Migraine in the rest of the world
We have a tendency to wear emotional and mental blinders, forgetting that the rest of the world is suffering so much more. It’s called ethnocentricity and Americans are notorious for it. It’s easy to get caught up in our own problems and lose sight of the big picture. I had a conversation yesterday that makes me grateful I live in the U.S. We complain about the limited number of headache specialists and the high price of treatments, but it could be so much worse.
Imagine instead that you live in a 3rd world country. Their medical systems resemble the U.S. system from the early 1900s. In their world, migraine is viewed in a much more negative light. If you think the stigma is bad here, try living in a world where there are absolutely no headache specialists and medicines we take for granted are either too costly or must be imported. Doctors routinely use narcotic pain killers to treat migraine and patients are called “lazy”, “stressed out”, and “crazy” when treatment does not help. Visiting the ER for out-of-control pain is unheard of. Chronic migraine is not considered a real condition. Instead, patients are blamed and told to “stop making excuses”. Given these circumstances, how well do you think you would do?
It’s easy to get caught up in the challenges and barriers we face and lose sight of the bigger picture. Migraine doesn’t just affect 38 million citizens of the U.S. It is a global problem. The problems faced by migraineurs around the world are so much more difficult than our own. Even at our worst, we are privileged. Imagine how difficult migraine treatment would be without access to electricity, refrigeration, clean water, and even basic OTC medications. How would you fare without ice packs, heating pads, cold water, hot showers, and all the modern conveniences we take for granted?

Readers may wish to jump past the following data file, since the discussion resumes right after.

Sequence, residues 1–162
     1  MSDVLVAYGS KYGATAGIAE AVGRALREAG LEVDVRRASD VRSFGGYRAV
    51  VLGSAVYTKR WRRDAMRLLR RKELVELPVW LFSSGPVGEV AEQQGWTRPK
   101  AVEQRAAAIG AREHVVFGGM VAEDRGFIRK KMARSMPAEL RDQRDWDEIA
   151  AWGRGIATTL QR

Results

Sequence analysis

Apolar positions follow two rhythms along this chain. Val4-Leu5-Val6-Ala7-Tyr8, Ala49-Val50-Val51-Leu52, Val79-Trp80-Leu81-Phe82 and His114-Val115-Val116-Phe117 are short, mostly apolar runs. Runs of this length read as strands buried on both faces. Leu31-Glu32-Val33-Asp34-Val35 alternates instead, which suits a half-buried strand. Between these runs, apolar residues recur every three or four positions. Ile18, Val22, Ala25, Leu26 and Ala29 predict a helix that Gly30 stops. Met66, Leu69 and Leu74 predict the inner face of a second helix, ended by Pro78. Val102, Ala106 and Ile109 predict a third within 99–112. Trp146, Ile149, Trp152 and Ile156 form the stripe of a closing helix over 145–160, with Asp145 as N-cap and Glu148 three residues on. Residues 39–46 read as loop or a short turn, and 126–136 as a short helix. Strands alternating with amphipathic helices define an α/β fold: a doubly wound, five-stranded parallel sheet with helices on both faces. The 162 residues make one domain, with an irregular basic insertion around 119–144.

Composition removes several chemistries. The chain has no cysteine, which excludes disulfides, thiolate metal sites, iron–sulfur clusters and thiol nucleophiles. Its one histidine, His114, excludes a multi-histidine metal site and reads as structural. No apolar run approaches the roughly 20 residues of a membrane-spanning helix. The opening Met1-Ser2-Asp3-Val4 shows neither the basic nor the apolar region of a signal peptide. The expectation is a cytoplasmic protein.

I’ve had a small taste of this reality when I would spend weekends on primitive campouts with Boy Scouts. Yet unlike my fellow migraineurs around the world, I had the option to give up this activity when migraines interfered. Most cannot escape. They are trapped in a world that is openly hostile to their suffering. Our migraine brothers and sisters are ostracized, ridiculed, and blamed for a neurological condition they cannot control. Even when they are able to seek help, the quality of care is poor. The medical understanding of migraine is decades behind our own. Migraine is all too often viewed as a psychological problem or character flaw.
Migraine doesn’t stop at our borders. It is the 7th leading cause of disability worldwide, yet most are without access to even the most basic treatments. There are over 1 billion migraineurs, worldwide. The stigma is so great that they feel they must hide their pain, even from their loved ones. Doctors and effective medical treatments are either unavailable or so expensive that the average person cannot afford to seek treatment.
Let us look beyond our own suffering to see the plight of every migraineur around the world.